Thursday, 15 October 2009

How to Build a Rain Barrel

I fitted a tap onto my rain barrel today. You can find the parts at B&Q even if their suck-ass website makes it difficult to find the parts. Here are parts you will find there:

Outside tap (£5.99):

20mm nut:

20mm wood spade bit (£7.48):

Plumber's tape(£1.93):

Drill a hole in your barrel with the spade bit at a height that makes it easy to get a watering can or bucket underneath it. If the platform your rainbarrel will rest on is high enough, you can drill a hole as low as you like.

Despite this being a non-threaded hole, you will be able to screw in the tap, forming a threaded hole on the way. You will screw it in clockwise, so wrap about 5 turns of plumber's tape anti-clockwise near the base of the screw. Screw in the tap. On the inside of the barrel, wrap more plumber's tape around the screw close to the barrel. Screw on the nut.

Keep the tap straight while you tighten the nut with a wrench. Done.

If you need to buy a 20 mm spade bit, contact me and I'll sell you mine. I bought one and drilled two holes with it and I'll never use it again.

This is how I did it and it works. If you can ask a plumber's advice, do it.

Apple Crumble


Sunday, 11 October 2009


Use this knot when you need to tighten a rope to hold something down like a tarpaulin or to secure items in the back of a truck. I used three to hitch up and tether down my rain gutter. Click on images for larger images.

This knot can also be used as a crude pulley system with a 3:1 advantage if you ignore the massive amount of friction. I did this when I hitched up the HPS light in my growroom.

There are a few versions of the trucker's hitch, all of which are concerned with how the loop in pic. #3 is formed. One version uses a figure-of-eight loop, another uses a slipknot. I prefer this version because it's easier to untie. There's no knot to jam, the twist simply untwists when you untie it.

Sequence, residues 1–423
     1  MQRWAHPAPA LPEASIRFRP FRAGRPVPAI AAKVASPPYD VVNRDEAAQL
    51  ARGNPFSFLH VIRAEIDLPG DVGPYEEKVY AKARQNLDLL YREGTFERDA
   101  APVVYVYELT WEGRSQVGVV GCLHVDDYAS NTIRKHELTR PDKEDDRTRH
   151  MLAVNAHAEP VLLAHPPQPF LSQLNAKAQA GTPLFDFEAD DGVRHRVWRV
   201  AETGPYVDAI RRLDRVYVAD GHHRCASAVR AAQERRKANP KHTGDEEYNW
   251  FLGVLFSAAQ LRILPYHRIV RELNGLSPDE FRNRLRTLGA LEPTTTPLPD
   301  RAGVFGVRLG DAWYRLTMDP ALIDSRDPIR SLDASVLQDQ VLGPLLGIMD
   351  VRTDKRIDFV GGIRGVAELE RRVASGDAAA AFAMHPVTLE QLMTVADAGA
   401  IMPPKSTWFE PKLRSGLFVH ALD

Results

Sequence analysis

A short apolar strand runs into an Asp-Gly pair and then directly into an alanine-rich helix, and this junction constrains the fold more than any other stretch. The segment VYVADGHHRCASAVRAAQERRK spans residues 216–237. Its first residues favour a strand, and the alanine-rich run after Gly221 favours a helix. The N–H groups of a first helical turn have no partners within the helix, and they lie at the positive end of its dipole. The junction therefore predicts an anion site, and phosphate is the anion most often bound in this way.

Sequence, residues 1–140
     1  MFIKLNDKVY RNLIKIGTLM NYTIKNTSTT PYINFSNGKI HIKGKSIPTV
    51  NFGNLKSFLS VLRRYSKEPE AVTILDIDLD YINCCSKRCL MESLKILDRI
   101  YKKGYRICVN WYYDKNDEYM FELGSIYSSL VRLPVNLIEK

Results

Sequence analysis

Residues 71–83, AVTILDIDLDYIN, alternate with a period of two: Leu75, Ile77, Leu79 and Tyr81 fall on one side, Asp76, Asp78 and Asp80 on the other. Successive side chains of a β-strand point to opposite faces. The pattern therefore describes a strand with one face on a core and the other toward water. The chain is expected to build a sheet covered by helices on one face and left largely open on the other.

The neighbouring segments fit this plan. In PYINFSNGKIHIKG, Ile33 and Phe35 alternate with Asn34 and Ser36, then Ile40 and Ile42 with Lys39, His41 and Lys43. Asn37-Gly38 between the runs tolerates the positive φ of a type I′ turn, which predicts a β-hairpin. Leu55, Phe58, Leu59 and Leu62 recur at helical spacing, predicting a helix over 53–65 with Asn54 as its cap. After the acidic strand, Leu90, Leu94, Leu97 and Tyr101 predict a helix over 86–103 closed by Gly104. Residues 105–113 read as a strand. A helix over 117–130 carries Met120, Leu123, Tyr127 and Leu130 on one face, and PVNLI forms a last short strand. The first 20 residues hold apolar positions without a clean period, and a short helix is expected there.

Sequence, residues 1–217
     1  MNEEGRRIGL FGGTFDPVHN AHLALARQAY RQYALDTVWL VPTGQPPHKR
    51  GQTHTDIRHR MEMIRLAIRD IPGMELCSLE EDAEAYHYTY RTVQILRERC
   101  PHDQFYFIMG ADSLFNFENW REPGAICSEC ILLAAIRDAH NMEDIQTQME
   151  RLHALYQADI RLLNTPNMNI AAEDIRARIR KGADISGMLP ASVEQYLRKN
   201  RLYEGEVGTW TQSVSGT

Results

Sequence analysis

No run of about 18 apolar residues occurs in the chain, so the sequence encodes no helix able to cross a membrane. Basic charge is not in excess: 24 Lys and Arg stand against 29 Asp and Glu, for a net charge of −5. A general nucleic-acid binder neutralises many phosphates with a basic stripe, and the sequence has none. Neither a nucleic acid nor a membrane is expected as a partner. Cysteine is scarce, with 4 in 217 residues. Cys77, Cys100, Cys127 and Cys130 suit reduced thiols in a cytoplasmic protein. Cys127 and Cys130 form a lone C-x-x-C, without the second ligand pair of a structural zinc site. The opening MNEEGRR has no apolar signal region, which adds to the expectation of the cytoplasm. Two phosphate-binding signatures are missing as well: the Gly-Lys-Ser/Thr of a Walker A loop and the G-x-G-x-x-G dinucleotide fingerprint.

Friday, 9 October 2009

Yellow for Rainy Days

I like to cook. I like baking and making pretty things. :) Today I decided to bake lemon poppy seed loaf with almond vanilla glaze. Care to join?

(Korgan says: If you're a metric-phile like me and the sight of U.S. cup sizes incites violence in your mind, look away now.)

For the lemon poppy seed loaf:
1 box of lemon cake mix
1 box of instant lemon pudding
4 eggs
1 c. water
1/2 c. oil
1/4 c. poppy seeds

Mix all ingredients, beat for 10 minutes with electric mixer, divide into 2 loaves, pop in the oven at 350°F for 40-45 minutes and POOF! Delicious lemon poppy seed loaf.

For the vanilla almond glaze:
1/3 c. butter
2 c. powdered sugar
1 1/2 tsp vanilla (I used 3 vanilla bean pods)
2-4 tbsp water
Dash of almond flavor

Heat the butter until melted. Stir in powdered sugar, vanilla and almond. Stir in water 1 tbsp at a time until smooth.

Once the loaves had cooled a bit, I poked holes in the top of them with a chopstick, then slowly drizzled the warm glaze over the top.

The cake is moist and delicious and the glaze soaks into the top wonderfully.

Remember, baking is better with cute aprons. :)

Tuesday, 6 October 2009

Harvesting Basil Seeds

Hallo there everyone. :)
Fall is approaching rapidly here in the southern US and it's time to start collecting seeds from this year's harvest!

Korgan and I planted 2 basil plants back in the spring and one of them decided it wanted to flower over the summer. :) So, I decided to get the seeds ready for harvesting yesterday!

It's quite simple really. You snap off the bits with the brown pods on them and lay them out to dry. After a few weeks you can just skim off the pods and poof! Free seeds for the spring!

Happy harvesting. :)

Sunday, 4 October 2009

New Gutter

The wind was pretty insane yesterday. It killed my water bottle guttering. I posted on Freecycle this morning for some guttering or a length of pipe. I got a response within 10 minutes. Someone in Northfield had a 2-metre long pipe. I went to pick it up, hitched it to my bike and cycled home. Bicycles are good.

I used a jigsaw to cut the pipe, the opening I made to 2 radians. Everything else was rope work. This new pipe works far better than the Evian bottles.

The gutter is attached to the shed with trucker's hitches. Also, I tethered the gutter to the compost heap with another trucker's hitch just in case the winds come back. I tethered the filter frame to the barrel with some hitches.